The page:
ANALYSIS: Florida Board of Education Adopts New Rules to Bolster Parental Rights

Three rules in particular have gained widespread attention as they prioritize parental rights and lay out consequences for teachers.
Mother Accompanies Student to School
Photo: pvproductions/Freepik

In a recent statewide review, the Florida Department of Education (FLDOE) found 11 of the 31 districts with relevant policies currently have policies or procedures that appear to be contrary to state or federal law, namely the Parental Rights in Education Bill which took effect in Florida on July 1st of this year. To bring districts into compliance with the new law, the FLDOE voted on Wednesday in favor of a number of rules drafted to give clarity and guidance to districts on the law’s implementation.

Three rules in particular have gained widespread attention as they prioritize parental rights and lay out consequences for teachers who fail to adhere to the law.

In an effort to clarify principles of professional conduct in adherence to the law, the board voted in favor of Rule 6A-10.081, which states, “Florida educators shall comply with the following disciplinary principles. Violation of any of these principles shall subject the individual to revocation or suspension of the individual educator’s certificate, or the other penalties as provided by law.” Among the more controversial principles enumerated in the rule states that teachers, “Shall not intentionally provide classroom instruction to students in kindergarten through grade 3 on sexual orientation or gender identity.”

Critics are concerned this rule places teachers in precarious situations if students initiate discussion on these sensitive topics during class. Many say this rule unfairly puts teachers at risk of losing their jobs in the midst of a teacher shortage. But the board maintains the rule is necessary to adhere to the Parental Rights in Education Bill, which prohibits instruction on these topics during class. Many Florida teachers have publicly communicated their unwillingness to comply with statutes under the Parental Rights in Education Bill, vowing to continue discussion of these topics with their students. This rule gives districts the responsibility and authority to revoke the contracts of those educators.

Arguably the most controversial of the measures is Rule 6A-10.086, requiring parental notification for districts allowing students to use restrooms, locker rooms, and/or dressing rooms of the opposite sex. The rule states, “If a school board or charter school governing board has a policy or procedure that allows for separation of bathrooms or locker rooms according to some criteria other than biological sex at birth, the policy or procedure must be posted on the district’s website or charter school’s website, and must be sent by mail to student residences to fully inform parents.” Policies must include methods of supervision and how those methods ensure student safety. They must also state which restrooms and locker rooms are not separated by biological sex. And accommodations must be made to ensure all students have access to a restroom and locker room separated by biological sex.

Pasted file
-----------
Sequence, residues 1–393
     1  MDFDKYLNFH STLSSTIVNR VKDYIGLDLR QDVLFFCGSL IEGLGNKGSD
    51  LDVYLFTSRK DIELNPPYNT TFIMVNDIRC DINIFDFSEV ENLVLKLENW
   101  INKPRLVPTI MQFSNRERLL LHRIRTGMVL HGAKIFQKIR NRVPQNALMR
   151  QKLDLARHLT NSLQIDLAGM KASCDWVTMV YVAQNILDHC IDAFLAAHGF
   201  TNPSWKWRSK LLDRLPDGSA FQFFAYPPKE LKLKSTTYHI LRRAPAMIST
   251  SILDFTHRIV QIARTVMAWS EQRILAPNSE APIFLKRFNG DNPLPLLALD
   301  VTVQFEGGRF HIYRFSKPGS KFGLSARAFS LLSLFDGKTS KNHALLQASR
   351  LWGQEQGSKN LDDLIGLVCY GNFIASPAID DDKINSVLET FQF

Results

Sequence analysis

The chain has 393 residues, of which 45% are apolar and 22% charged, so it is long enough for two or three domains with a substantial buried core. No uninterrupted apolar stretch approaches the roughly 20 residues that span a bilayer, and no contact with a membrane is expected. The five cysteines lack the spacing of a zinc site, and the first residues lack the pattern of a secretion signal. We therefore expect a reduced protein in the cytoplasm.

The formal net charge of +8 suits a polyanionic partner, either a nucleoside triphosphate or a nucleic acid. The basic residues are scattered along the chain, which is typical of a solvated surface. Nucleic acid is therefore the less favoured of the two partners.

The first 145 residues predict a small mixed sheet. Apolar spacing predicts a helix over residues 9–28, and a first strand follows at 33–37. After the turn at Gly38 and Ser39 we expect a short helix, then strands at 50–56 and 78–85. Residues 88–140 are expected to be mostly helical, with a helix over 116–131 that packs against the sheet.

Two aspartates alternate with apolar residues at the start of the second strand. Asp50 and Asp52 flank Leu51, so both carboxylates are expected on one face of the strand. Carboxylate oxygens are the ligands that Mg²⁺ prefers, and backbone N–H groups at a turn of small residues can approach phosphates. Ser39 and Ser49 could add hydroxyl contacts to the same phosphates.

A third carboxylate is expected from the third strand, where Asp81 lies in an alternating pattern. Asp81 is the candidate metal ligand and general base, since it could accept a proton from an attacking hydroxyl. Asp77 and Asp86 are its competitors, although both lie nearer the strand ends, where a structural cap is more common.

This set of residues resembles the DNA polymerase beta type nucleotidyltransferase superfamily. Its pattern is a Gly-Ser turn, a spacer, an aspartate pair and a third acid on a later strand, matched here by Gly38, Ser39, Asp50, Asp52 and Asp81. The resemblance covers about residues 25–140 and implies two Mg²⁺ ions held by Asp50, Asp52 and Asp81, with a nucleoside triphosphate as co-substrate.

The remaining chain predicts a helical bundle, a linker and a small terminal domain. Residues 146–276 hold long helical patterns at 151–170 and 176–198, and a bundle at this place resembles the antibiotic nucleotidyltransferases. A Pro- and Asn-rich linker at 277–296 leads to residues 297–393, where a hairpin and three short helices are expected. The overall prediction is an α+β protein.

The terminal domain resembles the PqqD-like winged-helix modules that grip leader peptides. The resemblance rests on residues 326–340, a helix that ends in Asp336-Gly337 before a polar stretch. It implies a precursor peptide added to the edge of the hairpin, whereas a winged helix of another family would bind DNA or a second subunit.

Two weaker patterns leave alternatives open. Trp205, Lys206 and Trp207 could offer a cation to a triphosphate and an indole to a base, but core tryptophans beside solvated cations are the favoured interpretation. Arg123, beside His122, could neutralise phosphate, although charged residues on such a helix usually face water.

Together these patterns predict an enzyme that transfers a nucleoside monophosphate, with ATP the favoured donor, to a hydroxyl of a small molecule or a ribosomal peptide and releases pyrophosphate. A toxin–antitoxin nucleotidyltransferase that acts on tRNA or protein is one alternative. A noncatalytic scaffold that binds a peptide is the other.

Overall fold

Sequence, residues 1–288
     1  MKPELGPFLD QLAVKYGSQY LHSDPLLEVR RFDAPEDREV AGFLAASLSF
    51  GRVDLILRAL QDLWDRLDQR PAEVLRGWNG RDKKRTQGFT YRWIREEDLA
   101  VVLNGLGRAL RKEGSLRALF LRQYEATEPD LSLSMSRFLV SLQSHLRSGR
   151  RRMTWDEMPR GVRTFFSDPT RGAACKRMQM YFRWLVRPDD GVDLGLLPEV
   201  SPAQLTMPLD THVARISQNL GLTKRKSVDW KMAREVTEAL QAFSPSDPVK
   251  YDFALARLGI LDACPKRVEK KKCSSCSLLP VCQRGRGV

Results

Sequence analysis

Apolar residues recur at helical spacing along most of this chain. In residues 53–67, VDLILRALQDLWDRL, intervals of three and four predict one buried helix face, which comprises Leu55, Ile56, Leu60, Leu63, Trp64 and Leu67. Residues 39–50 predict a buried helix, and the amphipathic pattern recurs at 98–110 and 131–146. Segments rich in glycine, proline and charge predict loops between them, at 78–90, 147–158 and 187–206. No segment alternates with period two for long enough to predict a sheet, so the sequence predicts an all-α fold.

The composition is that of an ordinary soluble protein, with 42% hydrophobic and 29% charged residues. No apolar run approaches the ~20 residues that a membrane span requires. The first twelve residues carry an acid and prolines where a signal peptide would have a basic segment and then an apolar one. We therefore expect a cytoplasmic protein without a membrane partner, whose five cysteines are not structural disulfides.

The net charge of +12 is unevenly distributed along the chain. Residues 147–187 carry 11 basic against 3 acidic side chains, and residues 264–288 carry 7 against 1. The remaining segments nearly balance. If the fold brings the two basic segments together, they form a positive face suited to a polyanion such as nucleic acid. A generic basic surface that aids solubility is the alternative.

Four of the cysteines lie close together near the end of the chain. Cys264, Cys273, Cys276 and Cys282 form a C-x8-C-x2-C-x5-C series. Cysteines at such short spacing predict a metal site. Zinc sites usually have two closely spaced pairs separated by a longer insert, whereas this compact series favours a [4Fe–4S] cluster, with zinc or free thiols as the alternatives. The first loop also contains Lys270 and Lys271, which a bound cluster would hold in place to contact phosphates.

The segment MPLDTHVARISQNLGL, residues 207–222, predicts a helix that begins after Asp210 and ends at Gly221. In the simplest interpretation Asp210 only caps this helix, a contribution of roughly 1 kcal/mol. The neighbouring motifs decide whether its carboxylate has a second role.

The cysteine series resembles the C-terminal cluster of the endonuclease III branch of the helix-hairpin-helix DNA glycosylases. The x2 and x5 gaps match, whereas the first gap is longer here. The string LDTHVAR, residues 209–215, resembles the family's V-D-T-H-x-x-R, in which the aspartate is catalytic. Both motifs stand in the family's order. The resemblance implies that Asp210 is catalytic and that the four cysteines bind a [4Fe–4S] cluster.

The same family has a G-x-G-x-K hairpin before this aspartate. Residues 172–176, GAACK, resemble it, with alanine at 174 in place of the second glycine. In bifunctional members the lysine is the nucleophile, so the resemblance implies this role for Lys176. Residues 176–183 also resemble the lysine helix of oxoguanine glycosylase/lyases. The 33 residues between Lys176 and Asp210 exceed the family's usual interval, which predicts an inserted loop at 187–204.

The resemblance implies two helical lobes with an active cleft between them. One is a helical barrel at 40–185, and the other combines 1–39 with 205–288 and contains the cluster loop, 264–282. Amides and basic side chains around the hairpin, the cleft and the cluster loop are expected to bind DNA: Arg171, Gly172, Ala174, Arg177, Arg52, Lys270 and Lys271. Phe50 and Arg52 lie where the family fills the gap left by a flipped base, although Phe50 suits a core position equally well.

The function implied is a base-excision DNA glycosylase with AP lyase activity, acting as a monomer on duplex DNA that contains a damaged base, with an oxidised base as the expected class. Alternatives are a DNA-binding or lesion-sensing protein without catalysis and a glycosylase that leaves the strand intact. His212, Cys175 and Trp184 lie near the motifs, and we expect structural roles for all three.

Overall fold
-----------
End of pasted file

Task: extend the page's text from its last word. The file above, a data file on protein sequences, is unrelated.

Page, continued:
An ongoing discussion of policies allowing students to use the facilities of the opposite sex is based on Adams v St. John’s County, currently being tried in a federal appeals court. The state initially sided with Adams, a biological female student who sued the St. John’s County school district for not being able to use the boys restroom while attending Neese High School. If overturned, it will pave the way for the Florida Legislature to address policies allowing students to use these facilities.

In another effort to further ensure parental transparency, the board voted in favor of Rule 6A-7.0713, requiring schools to place every book in an elementary school’s media center and classroom libraries on school websites. The rule states, “The purpose of this rule is to provide school districts with the requirements for the format districts must use on elementary school websites in order to post, and permit searches of, materials maintained in elementary school library media centers and materials found on a required school or a grade-level reading list in an elementary school.” Postings must include material type, title and author for books and ebooks, name or title for periodicals and videos, and the title of any other material.

Critics of the rule have claimed that it extends the scope of the Parental Rights in Education Bill,  as it includes classroom libraries in the list of books required to be catalogued. Some say it unnecessarily encumbers teachers who are currently taking on extra duties due to teacher shortages. Despite these critiques, the board views the rule as another necessary measure to comply with Florida law and a vital step to ensure further transparency to parents regarding what their child is being taught and exposed to in Florida schools.

Matt Woodside
Matt Woodside is an educator, athletic director, and coach in Brevard County, Florida.

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